My Turn

Opinion: Immigrants have always been feared in America

By Daniel A. Brown, Arroyo Seco
Posted 11/28/18

The recent obscene images of immigrant children being tear-gassed at our southern border should turn the stomach of every conscious American. Equally disgusting are the blatant lies spewing from our …

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My Turn

Opinion: Immigrants have always been feared in America

Posted

The recent obscene images of immigrant children being tear-gassed at our southern border should turn the stomach of every conscious American. Equally disgusting are the blatant lies spewing from our so-called president about these women and children, now fleeing the violence that past administrations helped to create.

American involvement in Central American countries, such as Honduras, Guatemala and El Salvador, is a century-old story. It is a story of the United States supporting murderous right-wing dictatorships and protecting the interests of wealthy landowners and exploitative American corporations. Now that iniquitous bill is coming due.

The terror of immigrants coming to North America is nothing new as the millions of Native peoples doomed to die from the arrival of Europeans could tell you were they alive. White American supremacists, however, have warned about the danger of immigration for nearly 300 years.

The first recorded case came from none other than Founding Father Benjamin Franklin who was aghast by the appearance of Germans disembarking on our shores. Since they were settling mostly in his home colony of Pennsylvania, Franklin worried that the Anglo-Saxon purity of the future Keystone State would be defiled by "swarthy" Germans, alleging that "those who come hither are generally of the most ignorant stupid sort." Franklin also feared that the world didn't contain enough white people.

Those "swarthy" Germans would eventually become the most productive farmers in America and, in Pennsylvania, come to be the pious and industrious off-the-grid Amish.

The Irish, a million of whom fled the Potato Famine of 1845-1849 (another million would starve to death in Ireland,) hold the dubious distinction of being the most despised immigrants ever to land in America, an inconvenient truth that immigrant-haters with names like Limbaugh, Hannity and Ingraham would do well to remember.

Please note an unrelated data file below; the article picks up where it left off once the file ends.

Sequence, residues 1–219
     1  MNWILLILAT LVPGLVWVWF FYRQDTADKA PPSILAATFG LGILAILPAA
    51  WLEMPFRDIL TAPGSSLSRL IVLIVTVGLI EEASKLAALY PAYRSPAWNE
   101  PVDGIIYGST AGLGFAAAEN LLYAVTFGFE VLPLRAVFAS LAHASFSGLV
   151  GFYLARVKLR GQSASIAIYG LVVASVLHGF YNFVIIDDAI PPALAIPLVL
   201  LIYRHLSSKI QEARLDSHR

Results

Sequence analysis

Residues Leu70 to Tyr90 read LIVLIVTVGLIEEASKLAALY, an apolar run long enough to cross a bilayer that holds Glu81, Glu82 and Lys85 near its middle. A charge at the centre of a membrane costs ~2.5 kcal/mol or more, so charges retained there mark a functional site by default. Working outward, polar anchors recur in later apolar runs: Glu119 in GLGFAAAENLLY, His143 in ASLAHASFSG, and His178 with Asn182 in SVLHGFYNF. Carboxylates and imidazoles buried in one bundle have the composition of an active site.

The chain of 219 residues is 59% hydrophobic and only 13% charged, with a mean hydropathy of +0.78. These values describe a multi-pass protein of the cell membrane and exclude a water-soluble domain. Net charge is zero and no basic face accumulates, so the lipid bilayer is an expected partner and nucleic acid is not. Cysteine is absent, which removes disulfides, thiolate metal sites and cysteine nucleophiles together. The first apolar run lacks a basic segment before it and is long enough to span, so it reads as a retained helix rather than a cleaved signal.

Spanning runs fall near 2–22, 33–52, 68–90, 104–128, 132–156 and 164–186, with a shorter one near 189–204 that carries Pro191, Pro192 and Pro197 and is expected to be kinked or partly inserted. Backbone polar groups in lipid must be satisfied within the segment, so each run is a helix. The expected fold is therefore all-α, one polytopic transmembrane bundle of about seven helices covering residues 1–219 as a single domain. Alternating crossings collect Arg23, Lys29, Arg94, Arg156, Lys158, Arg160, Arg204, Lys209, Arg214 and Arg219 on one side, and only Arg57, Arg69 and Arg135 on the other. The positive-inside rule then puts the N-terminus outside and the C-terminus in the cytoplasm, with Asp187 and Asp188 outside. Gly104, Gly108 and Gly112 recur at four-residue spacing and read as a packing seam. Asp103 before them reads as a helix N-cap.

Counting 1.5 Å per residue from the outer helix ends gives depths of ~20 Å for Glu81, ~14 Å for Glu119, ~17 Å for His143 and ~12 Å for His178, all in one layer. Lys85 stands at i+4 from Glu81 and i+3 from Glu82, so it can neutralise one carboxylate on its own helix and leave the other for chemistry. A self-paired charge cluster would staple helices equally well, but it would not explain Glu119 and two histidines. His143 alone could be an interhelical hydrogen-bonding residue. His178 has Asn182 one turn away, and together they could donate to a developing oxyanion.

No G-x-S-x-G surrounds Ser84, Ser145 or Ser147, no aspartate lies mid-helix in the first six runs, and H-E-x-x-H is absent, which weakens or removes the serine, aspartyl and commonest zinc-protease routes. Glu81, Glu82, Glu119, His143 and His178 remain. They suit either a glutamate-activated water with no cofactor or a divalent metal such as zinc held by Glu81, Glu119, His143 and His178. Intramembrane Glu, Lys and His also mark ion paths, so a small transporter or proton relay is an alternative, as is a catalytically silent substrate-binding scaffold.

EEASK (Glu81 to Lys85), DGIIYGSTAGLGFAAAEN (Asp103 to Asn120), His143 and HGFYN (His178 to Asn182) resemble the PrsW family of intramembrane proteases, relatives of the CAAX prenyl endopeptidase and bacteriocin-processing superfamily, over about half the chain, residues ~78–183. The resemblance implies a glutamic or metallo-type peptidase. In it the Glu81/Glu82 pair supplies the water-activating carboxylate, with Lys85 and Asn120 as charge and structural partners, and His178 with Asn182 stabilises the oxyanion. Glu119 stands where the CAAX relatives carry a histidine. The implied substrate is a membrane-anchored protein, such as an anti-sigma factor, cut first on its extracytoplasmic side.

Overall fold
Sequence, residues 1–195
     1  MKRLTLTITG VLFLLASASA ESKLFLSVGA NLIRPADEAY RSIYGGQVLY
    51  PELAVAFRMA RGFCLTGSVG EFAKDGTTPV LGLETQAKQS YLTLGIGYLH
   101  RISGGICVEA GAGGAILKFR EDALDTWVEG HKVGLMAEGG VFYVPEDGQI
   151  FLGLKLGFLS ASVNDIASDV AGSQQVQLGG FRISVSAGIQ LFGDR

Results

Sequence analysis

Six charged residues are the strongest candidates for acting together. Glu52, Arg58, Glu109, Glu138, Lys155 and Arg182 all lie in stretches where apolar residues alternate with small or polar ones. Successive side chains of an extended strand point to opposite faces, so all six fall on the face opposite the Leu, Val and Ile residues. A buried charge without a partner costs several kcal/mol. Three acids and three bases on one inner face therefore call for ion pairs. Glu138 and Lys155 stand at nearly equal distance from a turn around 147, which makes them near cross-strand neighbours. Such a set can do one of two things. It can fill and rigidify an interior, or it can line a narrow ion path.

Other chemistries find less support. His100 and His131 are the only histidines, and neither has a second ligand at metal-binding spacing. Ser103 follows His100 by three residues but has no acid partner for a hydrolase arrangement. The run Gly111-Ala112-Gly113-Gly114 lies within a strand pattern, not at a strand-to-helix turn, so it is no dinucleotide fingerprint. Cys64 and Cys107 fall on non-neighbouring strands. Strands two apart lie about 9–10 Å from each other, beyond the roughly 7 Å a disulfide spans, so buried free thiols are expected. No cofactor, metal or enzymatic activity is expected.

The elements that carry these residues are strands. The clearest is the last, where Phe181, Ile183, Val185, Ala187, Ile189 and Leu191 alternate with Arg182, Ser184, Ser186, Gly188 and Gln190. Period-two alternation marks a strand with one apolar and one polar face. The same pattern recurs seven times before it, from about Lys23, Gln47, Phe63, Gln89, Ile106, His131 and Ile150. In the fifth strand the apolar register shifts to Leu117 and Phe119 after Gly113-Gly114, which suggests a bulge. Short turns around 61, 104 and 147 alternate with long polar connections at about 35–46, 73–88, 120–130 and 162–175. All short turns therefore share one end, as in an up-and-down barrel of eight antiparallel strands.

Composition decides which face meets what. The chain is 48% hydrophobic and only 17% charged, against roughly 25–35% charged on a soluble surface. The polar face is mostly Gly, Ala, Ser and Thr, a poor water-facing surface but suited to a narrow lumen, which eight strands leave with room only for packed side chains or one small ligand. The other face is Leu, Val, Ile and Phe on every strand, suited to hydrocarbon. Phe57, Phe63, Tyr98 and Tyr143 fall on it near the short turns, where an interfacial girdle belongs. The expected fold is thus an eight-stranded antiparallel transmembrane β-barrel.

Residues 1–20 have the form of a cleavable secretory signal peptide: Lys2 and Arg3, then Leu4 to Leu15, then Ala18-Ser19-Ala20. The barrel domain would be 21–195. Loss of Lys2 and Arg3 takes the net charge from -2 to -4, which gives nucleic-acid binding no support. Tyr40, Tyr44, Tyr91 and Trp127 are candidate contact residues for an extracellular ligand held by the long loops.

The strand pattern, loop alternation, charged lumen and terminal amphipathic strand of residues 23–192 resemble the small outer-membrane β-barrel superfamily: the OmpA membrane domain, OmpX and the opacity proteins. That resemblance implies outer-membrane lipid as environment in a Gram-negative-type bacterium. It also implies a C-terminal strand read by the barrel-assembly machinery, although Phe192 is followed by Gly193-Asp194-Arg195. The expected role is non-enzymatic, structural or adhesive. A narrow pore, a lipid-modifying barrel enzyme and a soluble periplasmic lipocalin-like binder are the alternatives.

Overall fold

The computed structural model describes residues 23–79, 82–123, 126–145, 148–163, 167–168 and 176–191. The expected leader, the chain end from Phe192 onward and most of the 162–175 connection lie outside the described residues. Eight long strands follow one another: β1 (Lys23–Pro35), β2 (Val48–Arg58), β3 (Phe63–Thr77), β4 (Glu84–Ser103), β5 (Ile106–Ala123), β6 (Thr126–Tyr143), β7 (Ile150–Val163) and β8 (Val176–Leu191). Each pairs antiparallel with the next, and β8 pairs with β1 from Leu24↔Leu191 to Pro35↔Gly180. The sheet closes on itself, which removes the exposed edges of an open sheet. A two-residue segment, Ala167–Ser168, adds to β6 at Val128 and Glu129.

Contemporary accounts from "nativist" citizens of the time considered the Irish lower than African slaves and feared that they were agents of a papist plot to take over the nation. Signs reading "No Irish or dogs allowed" were common in the Northeast where the Irish settled, and newspaper illustrations commonly portrayed them as brawny, thuggish brutes.

Next on the list of the wretched refuse on our teeming shore were hundreds of thousands of Jews fleeing persecution from Eastern Europe in the 1880s. Never popular anywhere, secret Jews first came to America with the Spanish in the 1500s, and New Mexican historians have speculated that out of the first Hispano families who founded Santa Fe, a majority of them had crypto-Jewish roots. They were, however, a minority.

The great wave came from Poland, Rumania, the Austro-Hungarian Empire or, like my maternal grandfather, czarist Russia. Russia at the time was the most anti-Semitic nation on earth. Ironically, Germany was one of the more progressive. It was customary to draft Jewish boys into the Russian army for 20 years in order to "Kill the Jew and save the Russian" although the dismal quality of the czarist military often denied such saving.

When my grandfather Lehrman was 16, his mother gave him a tiny bit of money and told him to scoot. He walked 800 miles to Hamburg, Germany and sailed to Ellis Island. From there, he settled in Harrisburg, Pennsylvania, sold goods from a horse and buggy and eventually became a respected civic leader whose prosperous business employed thousands.

His success story is one of millions shared by Chinese, Korean, Vietnamese, Colombian, Cuban, West Indian and so many other immigrants who came to America and made it great long before a cheap campaign slogan denigrated its meaning. Every wave of immigration has first been feared, then assimilated and eventually shown to have enhanced our national character. All these cultures, which include indigenous, early and late arrivals are intermingling and creating a unique stew of creativity and vibrancy that, at its best, is the true shining city on the hill.

Such a vision, unfortunately, can change. If Trump and his minions continue their racist hatred of dark-skinned immigrants who come here to flee oppression, then maybe it's time to tear down the Statue of Liberty. After all, our current policy is a violation of what she stands for. If we want to spit on those tired, poor, huddled masses yearning to breathe free, then let us as a nation cease to be hypocrites and admit that we've surrendered to our lowest and most impure fears and prejudices.

Daniel A. Brown is an artist, writer and former public school teacher living in Arroyo Seco.

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